He was however quickly shot down on appeal in the same case when the court stated:
“With regard to the references in the judgment to the case of Kumwaka wa Mulumbi the particular passage criticised which was obiter may not be happily expressed, but it should not be taken to mean that there can be any other provocation which will have the effect of reducing a charge of murder to one of manslaughter than that defined in sections 191 and 192 of the Penal Code.”
Sections 191 and 192 of the Penal Code referred to in that judgment are now sections 207 and 208 and have remained the same since the enactment of the Code. They provide as follows: -
“207. When a person who unlawfully kills another under circumstances which, but for the provisions of this section, would constitute murder, does the act which causes death in the heat of passion caused by sudden provocation as hereinafter defined, and before there is time for his passion to cool, he is guilty of manslaughter only.
208. (1) The term “provocation” means and includes except as hereinafter stated, any wrongful act or insult of such a nature as to be likely, when done to an ordinary person or in the presence of an ordinary person to another person who is under his immediate care, or to whom he stands in a conjugal, parental, filial or fraternal relation, or in the relation of master or servant, to deprive him of the power to self-control and to induce him to commit an assault of the kind which the person charged committed upon the person by whom the act or insult is done or offered.
(2) When such an act or insult is done or offered by one person to another, or in the presence of another to a person who is under the immediate care of that other, or to whom the latter stands in any such relation as aforesaid, the former is said to give to the latter provocation for an assault.
(3) A lawful act is not provocation to any person for an assault.
(4) An act which a person does in consequence of incitement given by another person in order to induce him to do the act and thereby to furnish an excuse for committing an assault is not provocation to that other person for an assault.
(5) An arrest which is unlawful is not necessarily provocation for an assault, but it may be evidence of provocation to a person who knows of the illegality.”
The decisions referred to above were pre-colonial. In 1983, the Court of Appeal was faced with the scenario where two Pokot tribesmen, genuinely believed that the deceased had occult powers and used them to harm their children. They got hold of him, beat him up and threw him into the Lake Baringo where he drowned. They pleaded guilty to manslaughter and were sentenced to long terms of imprisonment because it was on the borderline between murder and manslaughter. One of them appealed. The Court (Madan/Kneller JJA and Chesoni Ag. JA) in rejecting the pleas for justifiable homicide stated: -
“It is a question of facts whether an accused in all the circumstances of the particular case was acting in the heat of the passion caused by grave and sudden provocation when he killed someone and the plea is that the victim performed an act of witchcraft against him or another person under his immediate care in his presence so that he was angered to such an extent as to be deprived of his power of self-control and induced to assault the person doing the act of witchcraft. R. v Fabiano Kinene s/o Mukye and Others (1941) 8 EACA 96. Here, the appellant had no such act performed in his presence so he was fortunate that his plea was not rejected.”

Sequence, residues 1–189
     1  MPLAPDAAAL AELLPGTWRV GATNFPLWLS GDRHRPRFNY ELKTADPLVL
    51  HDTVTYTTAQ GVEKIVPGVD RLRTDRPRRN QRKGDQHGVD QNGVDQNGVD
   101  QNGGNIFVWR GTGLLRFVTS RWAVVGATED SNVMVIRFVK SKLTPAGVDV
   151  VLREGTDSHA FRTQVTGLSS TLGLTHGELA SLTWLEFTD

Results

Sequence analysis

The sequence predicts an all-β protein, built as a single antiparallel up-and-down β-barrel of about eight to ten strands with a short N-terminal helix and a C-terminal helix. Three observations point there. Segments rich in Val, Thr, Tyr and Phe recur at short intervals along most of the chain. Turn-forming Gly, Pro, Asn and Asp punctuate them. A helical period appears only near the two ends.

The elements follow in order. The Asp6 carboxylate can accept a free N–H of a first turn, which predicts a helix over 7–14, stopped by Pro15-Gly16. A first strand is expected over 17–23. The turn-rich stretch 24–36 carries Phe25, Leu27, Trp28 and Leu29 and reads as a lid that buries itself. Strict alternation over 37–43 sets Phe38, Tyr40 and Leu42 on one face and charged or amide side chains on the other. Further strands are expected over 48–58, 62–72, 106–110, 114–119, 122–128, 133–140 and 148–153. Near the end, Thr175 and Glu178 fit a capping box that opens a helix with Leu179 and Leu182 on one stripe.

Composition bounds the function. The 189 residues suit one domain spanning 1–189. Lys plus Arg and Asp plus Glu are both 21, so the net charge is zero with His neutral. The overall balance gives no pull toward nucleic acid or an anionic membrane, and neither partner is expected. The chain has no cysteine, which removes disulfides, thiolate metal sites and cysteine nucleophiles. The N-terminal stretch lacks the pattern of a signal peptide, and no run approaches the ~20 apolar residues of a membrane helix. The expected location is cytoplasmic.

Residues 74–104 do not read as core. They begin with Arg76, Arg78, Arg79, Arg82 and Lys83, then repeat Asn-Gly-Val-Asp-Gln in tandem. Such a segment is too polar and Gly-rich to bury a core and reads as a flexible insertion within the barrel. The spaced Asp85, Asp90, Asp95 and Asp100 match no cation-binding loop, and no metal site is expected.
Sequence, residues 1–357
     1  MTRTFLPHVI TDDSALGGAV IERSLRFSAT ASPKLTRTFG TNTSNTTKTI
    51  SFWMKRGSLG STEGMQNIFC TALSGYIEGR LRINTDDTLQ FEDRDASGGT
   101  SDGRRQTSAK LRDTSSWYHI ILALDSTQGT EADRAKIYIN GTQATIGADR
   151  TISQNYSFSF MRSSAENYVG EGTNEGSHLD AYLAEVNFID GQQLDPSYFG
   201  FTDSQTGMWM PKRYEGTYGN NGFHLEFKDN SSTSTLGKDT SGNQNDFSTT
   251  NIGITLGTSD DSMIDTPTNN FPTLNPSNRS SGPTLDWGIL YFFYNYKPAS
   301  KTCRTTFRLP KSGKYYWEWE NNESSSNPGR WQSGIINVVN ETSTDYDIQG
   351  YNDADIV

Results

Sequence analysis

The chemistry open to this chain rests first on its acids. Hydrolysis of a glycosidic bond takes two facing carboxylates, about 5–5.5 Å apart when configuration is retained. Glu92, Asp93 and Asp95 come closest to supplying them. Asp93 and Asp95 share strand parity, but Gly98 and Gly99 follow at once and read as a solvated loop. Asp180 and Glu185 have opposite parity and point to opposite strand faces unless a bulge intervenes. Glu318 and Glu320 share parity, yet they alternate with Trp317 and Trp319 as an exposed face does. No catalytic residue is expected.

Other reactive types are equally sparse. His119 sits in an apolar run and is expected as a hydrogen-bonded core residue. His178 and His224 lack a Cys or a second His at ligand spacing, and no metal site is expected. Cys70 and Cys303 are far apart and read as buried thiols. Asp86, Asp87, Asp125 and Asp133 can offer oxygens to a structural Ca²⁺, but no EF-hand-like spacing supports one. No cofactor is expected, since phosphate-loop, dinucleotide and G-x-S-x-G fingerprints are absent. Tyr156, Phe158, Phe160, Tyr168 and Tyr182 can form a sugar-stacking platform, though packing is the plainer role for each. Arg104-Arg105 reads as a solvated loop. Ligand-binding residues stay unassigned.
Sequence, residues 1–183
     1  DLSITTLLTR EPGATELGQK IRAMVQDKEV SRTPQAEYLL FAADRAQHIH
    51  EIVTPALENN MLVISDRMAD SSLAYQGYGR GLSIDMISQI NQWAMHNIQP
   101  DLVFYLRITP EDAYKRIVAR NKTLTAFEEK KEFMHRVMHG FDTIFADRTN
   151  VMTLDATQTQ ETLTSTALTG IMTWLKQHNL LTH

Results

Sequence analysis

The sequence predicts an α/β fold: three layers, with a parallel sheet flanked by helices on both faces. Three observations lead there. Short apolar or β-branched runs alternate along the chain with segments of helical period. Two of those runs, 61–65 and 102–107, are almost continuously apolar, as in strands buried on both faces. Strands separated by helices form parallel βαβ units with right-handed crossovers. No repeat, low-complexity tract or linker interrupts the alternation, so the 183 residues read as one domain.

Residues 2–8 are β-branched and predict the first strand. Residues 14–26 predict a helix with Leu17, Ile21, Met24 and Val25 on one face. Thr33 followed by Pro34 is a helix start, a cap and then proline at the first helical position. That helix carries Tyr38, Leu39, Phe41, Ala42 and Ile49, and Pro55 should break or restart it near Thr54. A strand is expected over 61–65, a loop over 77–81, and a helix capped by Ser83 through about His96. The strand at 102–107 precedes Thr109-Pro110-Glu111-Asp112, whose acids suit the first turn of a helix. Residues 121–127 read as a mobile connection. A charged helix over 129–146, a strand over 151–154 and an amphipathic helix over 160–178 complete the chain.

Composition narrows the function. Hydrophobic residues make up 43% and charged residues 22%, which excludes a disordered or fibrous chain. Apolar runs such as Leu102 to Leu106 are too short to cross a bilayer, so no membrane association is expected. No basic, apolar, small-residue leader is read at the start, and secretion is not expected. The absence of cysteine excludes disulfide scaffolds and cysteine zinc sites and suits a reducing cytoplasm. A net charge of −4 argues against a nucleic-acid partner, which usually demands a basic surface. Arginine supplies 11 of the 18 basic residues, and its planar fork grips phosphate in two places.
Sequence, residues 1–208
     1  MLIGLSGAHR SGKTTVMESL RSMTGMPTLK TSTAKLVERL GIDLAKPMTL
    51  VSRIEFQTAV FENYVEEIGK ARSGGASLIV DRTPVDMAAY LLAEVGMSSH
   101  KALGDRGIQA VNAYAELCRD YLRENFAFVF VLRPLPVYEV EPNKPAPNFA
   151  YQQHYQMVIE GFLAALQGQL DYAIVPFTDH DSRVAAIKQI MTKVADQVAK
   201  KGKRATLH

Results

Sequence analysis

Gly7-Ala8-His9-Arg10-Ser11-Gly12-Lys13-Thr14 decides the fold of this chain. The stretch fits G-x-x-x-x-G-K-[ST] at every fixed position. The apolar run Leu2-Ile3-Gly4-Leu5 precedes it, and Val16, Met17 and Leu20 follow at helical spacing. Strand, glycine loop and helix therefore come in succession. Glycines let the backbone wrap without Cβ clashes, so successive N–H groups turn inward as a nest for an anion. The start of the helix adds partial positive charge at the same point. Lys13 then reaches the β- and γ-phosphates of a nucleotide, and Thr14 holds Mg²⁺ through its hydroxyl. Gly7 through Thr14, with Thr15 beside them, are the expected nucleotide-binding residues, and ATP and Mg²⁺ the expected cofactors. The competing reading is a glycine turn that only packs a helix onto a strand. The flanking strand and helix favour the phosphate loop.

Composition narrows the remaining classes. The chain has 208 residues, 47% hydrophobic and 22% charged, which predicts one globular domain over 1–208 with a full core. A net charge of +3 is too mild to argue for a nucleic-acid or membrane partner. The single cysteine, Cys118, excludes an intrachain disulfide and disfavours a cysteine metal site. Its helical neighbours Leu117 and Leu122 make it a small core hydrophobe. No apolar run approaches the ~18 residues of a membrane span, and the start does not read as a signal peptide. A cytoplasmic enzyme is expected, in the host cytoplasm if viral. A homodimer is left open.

Seven years later, the Court of Appeal (Nyarangi/Masime/Gicheru JJA) decided Chivatsi & Another v. R. (supra) where the facts relating to witchcraft were that: -
“……the deceased threatened to kill by witchcraft as many people as he deemed necessary and remain alone in the village. At the time the deceased made the threat to kill everybody (including the appellants), a brother of Dzombo had died after taking poison. It was said that the deceased had bewitched him. The other appellant believed that his mother had died as a result of being bewitched by the deceased.”
The Court posed the issue for decision as follows: -
“The crux of this appeal turns on the issue as to whether the trial judge erred in holding that witchcraft as a provocative act can only avail an accused person where the victim was performing in the actual presence of the accused some act which the accused genuinely believed was an act of witchcraft against him and he was thereby angered to such an extent as to be deprived of the power of self-control. For that proposition of law, the trial judge relied on the decisions in Eria Galikuwa v Rex (1951) 18 EACA 175 and Rex v Fabiano Kinene & Others, (1941) 8 EACA 96.”
The cases of Galikuwa and Fabian Kinene mentioned therein had earlier been re-examined by the Court of Appeal in Yovan v Uganda  EA 405 where it was held that those cases did not lay down a general rule and that they ought to be interpreted with reference to the facts of each case. A threat to kill taken together with other existing circumstances could amount to legal provocation. The Court then made this profound statement which has since guided the courts on the issue posed at the beginning of this judgment: -
“There are communities in Kenya where the sort of threat which the deceased administered at the appellants would be treated as twiddle-twaddle, as arrant nonsense. Not so, however, in the community to which the appellants belong. It is not the business of this or any other court to moralize. It is yet a fact that belief in witchcraft is widespread in the community of the appellants. We take that community as we find them, having regard to the law.